People often display a remarkable ability to adapt to adversity, bouncing back to their usual levels of happiness despite extreme hardships. But people don’t always rebound, and scientists have long wondered what factors might account for the difference. In a talk at Harvard in September, a team of researchers suggested that one obstacle to emotional recovery, oddly enough, is hope — the belief that your current hardship is temporary.
From the beginning, the investigators suspected that hope might sometimes be counterproductive: prisoners with life sentences but with the possibility of parole adapt less well to prison life, for example, than prisoners with life sentences without the possibility of parole. But the researchers sought another empirical test. Their choice: Colostomy patients. The research team, led by Peter Ubel, a physician at the University of Michigan, tracked people who had portions of their colons removed or bypassed, such that the patients couldn’t defecate normally. The condition is extremely unpleasant and leads many people to say they’d rather be dead, Ubel reports. But a colostomy isn’t always permanent. Some patients are likely to heal and have their bowels reconnected. Whether your colostomy is permanent depends on your condition, but were it up to the patient to choose, “almost anybody would choose temporary over permanent,” Ubel says.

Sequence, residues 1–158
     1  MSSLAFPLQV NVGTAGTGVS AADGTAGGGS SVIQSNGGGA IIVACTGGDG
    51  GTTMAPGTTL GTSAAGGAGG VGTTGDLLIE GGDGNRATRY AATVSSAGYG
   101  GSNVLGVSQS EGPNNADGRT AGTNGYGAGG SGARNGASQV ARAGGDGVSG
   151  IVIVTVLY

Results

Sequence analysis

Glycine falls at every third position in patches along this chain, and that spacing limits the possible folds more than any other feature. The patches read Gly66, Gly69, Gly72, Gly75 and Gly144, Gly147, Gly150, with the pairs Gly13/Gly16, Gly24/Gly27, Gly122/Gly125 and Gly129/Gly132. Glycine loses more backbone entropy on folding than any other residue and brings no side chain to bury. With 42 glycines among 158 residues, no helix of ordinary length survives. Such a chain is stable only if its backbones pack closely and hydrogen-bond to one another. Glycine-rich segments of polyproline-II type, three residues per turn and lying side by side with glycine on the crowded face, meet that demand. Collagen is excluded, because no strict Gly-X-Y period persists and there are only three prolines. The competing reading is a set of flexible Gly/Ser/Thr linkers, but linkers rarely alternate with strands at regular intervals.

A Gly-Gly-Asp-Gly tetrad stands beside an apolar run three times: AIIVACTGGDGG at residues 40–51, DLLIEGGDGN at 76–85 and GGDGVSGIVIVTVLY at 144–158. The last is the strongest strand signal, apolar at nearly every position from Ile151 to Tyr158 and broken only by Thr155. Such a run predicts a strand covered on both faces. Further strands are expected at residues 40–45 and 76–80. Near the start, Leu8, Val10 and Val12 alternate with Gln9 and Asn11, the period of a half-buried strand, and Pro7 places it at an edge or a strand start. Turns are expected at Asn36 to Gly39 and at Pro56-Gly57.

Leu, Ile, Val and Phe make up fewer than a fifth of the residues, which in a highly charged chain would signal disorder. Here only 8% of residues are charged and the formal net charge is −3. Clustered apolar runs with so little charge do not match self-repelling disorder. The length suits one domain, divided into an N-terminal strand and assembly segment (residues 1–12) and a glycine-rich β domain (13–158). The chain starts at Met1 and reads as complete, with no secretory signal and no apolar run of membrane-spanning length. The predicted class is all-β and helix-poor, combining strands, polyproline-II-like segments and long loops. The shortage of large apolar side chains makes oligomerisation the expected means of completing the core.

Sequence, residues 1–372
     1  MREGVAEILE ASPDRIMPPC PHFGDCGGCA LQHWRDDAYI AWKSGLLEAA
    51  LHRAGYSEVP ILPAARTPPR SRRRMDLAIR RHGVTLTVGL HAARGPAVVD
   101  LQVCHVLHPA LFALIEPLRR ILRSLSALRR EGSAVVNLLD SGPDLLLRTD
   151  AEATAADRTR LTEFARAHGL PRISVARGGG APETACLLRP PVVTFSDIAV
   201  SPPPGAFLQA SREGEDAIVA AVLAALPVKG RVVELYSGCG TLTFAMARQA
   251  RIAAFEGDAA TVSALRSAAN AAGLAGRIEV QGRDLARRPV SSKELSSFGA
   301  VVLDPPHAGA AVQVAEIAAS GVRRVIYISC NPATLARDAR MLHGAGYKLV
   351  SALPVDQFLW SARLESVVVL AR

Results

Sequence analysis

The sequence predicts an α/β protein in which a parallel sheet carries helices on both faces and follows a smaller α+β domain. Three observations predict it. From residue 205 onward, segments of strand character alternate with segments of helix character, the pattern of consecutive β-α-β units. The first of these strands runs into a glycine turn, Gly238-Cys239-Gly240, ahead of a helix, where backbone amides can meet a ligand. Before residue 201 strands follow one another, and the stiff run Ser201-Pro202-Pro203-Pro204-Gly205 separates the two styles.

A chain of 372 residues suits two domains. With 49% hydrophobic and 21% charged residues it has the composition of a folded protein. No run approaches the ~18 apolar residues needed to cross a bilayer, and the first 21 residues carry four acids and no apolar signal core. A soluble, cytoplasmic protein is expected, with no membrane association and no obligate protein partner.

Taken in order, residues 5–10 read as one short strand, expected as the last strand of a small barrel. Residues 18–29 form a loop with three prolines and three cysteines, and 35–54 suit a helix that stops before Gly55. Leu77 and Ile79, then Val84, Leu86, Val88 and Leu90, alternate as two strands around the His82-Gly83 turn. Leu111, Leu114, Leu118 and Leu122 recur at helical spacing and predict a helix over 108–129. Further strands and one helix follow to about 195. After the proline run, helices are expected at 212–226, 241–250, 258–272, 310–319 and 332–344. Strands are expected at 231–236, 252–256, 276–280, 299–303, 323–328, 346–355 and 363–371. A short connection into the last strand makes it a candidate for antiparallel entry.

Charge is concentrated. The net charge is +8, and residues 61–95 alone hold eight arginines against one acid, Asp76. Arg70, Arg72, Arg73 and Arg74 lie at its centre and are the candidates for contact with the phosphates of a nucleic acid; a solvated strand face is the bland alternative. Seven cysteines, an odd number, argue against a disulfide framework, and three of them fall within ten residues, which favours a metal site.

So it’s surprising that the permanent-colostomy patients ended up happier six months after the operation than the temporary group, whose members were still holding out hope. Patients with a temporary colostomy experienced a significant drop in life satisfaction versus patients in the permanent group.
It might seem strange that patients who are better off objectively were less satisfied with their lives, yet the finding makes sense: “If your condition is temporary,” Ubel explains, “you’re thinking, I can’t wait until I get rid of this.” Ubel says thoughts like these keep you from moving on with your life and focusing on the many good things that remain.
Monday, January 07, 2008
Hope worse than Hopelessness
This short piece by Marina Krakovsky from the NY Times: